Researchers have attempted both to tackle levodopa-induced dyskinesia and improve patients’ compliance with their prescribed medication regimen.

Now, researchers at Nanyang Technological University (NTU), in Singapore, have developed a slow-release pill that delivers dopaminergic medication over a period of 24 hours.

“We hope that by reducing dosage to just once-a-day would greatly improve patient compliance, lower the pill burden of these patients, while alleviating the ‘off’ periods that these patients experience,” Joachim Loo, PhD, associate professor at NTU and founder of the university-incubated start-up LiberaTx, said in a press release.

The team previously engineered micro-capsules that allow slow, continuous, and controlled medication delivery. In this study, the NTU scientists sought to develop a multi-drug delivery system, specific to Parkinson’s, to provide sustained and controlled release of the triple dopaminergic medicines — levodopa or LD, carbidopa or CD, and entacapone or ENT.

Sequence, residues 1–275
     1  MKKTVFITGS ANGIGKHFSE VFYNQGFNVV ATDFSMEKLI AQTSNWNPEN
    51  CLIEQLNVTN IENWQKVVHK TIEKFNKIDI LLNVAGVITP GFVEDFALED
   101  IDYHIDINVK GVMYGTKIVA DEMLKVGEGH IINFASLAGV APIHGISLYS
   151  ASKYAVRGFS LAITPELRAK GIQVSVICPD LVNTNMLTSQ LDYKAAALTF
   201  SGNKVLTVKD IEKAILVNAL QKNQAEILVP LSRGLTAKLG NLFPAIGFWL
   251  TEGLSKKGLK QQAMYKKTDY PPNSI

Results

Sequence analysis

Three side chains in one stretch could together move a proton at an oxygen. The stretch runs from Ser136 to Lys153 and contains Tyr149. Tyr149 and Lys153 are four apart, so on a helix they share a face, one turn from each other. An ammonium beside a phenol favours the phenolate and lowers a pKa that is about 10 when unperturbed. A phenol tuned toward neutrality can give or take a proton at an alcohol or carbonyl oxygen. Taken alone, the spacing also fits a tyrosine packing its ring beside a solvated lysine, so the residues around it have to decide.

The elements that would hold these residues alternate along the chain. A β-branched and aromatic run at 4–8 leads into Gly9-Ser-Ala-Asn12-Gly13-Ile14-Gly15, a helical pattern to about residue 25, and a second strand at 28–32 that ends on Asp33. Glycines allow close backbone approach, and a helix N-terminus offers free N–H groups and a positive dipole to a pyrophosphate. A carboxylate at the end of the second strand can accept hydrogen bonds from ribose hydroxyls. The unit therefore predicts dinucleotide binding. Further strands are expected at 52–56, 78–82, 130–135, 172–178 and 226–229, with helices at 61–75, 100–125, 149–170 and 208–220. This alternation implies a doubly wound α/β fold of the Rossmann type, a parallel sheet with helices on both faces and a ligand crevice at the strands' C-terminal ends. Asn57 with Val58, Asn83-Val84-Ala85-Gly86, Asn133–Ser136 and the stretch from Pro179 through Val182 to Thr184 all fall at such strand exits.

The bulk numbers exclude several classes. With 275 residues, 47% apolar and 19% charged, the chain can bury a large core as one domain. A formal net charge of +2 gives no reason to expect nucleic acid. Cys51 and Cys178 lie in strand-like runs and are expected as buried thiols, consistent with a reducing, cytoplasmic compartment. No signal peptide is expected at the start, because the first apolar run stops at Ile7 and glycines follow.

“We engineered our micro-capsules to float in the stomach, thereby allowing for a slow but continuous delivery of drugs into the upper intestine for improved absorption,” Loo said. “This is key in maintaining the drugs’ concentration in the blood.”

To make the micro-capsules, the researchers used two biocompatible and biodegradable polymers approved by the U.S. Food and Drug Administration: poly-L-Lactic acid (PLLA) and polycaprolactone (PCL). These capsules were then loaded with LC, CD, and ENT, both in their hollow cavity and in their outer shell, at a ratio similar to commercial tablets.